The days of bathroom cabinets packed with an array of skincare products...

The days of bathroom cabinets packed with an array of skincare products could be over as British women grow tired of complicated facial skincare routines, according to the latest research from Mintel. (Photo: © Goodluz / shutterstock.com)

Over the last year [1], almost three in ten (28%) women have reduced the number of products in their facial skincare routine, with young Millennials aged 20-29 most likely to have simplified their routines.

Less cleansing products

For instance, the proportion of women using just one product to cleanse their face has risen from 25% in 2018 to 28% in 2019. Meanwhile, the proportion of women using four or more products to cleanse has fallen sharply from 26% in 2018 to 18% in 2019. The biggest facial cleansing casualties include facial cleansing wash (from 55% to 50%), as well as facial cleansing wipes (from 54% to 43%) and facial toners (from 29% to 25%).

Less facial care

Usage of facial care products has also taken a tumble in the last 12 months. The number of women using day cream/lotion declined from (from 66% to 60%); while night cream/lotion fell from 48% to 44% and blemish balm (BB), colour correct (CC) and daily defence (DD) cream slumped from 21% in 2018 to 15% in 2019. 

Overall, the women’s facial skincare market is expected to decline by nearly 1% in 2019, falling to an estimated £1.16 billion from £1.17 billion in 2018.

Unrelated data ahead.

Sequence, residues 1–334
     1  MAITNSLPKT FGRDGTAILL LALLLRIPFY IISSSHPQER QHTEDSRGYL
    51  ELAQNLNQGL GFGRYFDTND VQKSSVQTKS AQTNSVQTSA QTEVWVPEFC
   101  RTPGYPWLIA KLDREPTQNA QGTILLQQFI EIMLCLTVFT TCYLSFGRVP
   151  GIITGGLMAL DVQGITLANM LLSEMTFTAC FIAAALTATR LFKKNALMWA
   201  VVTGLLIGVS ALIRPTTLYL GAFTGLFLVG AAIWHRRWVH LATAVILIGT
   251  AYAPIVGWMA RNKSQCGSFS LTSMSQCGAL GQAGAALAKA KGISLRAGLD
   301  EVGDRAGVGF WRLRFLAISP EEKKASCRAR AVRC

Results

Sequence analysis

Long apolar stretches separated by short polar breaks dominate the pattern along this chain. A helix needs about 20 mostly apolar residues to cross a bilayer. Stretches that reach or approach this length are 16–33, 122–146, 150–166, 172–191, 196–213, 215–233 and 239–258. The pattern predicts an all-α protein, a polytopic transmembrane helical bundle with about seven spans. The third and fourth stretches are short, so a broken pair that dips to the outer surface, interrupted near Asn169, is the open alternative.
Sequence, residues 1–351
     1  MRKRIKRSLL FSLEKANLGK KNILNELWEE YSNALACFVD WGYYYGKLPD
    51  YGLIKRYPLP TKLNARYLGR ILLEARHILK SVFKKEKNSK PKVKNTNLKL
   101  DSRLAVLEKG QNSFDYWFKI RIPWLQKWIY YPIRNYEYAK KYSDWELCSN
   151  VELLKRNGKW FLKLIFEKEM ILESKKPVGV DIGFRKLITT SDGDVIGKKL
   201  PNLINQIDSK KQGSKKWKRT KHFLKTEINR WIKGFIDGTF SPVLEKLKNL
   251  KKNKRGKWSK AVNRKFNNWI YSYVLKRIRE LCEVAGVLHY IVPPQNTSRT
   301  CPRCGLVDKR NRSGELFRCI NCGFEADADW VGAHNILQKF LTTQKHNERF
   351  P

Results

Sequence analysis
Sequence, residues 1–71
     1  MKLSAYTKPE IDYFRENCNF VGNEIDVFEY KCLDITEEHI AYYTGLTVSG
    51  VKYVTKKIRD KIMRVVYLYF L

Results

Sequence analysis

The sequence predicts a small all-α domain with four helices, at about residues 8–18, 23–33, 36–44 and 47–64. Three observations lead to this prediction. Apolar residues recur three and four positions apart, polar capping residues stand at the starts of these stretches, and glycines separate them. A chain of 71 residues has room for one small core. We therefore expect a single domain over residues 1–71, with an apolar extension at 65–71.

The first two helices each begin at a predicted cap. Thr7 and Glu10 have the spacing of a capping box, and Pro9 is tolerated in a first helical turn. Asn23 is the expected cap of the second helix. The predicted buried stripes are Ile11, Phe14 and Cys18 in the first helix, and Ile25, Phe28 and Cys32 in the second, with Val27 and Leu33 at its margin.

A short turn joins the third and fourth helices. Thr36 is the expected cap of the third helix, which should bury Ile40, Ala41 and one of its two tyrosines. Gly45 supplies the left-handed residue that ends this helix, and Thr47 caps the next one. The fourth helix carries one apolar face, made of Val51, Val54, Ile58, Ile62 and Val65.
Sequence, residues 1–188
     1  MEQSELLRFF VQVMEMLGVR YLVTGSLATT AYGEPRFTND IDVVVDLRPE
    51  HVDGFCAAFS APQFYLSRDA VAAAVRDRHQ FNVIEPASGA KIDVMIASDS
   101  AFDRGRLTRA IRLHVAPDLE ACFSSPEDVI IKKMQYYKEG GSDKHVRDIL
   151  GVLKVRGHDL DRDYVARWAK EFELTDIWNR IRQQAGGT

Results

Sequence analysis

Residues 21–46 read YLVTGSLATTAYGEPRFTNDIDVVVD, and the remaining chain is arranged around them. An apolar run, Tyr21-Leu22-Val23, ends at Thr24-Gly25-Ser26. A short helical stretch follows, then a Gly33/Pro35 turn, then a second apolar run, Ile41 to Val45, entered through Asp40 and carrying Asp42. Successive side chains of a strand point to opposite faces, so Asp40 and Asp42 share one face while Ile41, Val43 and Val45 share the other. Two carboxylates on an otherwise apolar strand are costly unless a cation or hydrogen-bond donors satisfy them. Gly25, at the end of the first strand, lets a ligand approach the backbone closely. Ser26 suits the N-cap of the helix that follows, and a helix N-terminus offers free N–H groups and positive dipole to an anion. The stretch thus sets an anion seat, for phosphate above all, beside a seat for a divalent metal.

Less make-up

This comes as Mintel research [2] reveals there has been a decline in the purchase of make-up, potentially led by reduced usage following the trend for naturally radiant skin. Indeed, some 31% of women who wear make-up are buying colour cosmetics less frequently now compared to last year, and 19% have spent less on the category in the last 12 months.

A growing number of UK women are turning away from the multi-step K-Beauty routine, hoping to reach the same glowing result without having to put the time in. This need for simplicity has pushed them towards minimalist skincare products with more intense active ingredients, such as serums and oils,” said. Alex Fisher, Global Skincare Analyst at Mintel. “Disposable wipes have been hit particularly hard as consumers become more aware of the product’s negative effects on the environment. As sustainability grows in importance, many beauty consumers are deliberately cutting out these single-use products,” she adds.

More face oils and serums

In such a context, one bright spot in the UK facial skincare market is face oils and serums. Penetration amongst women has remained at 24% from 2018-19, while usage of other treatments (i.e. eye cream, exfoliator, peel or wash-off masks, sheet or leave-on masks, overnight treatments) have declined.

According to Mintel, some 40% of women who use facial caring products associate serums with being nourishing. Serums also have an association with ‘glow,’ as 20% of female facial skincare users think serums are brightening, representing radiance and luminosity.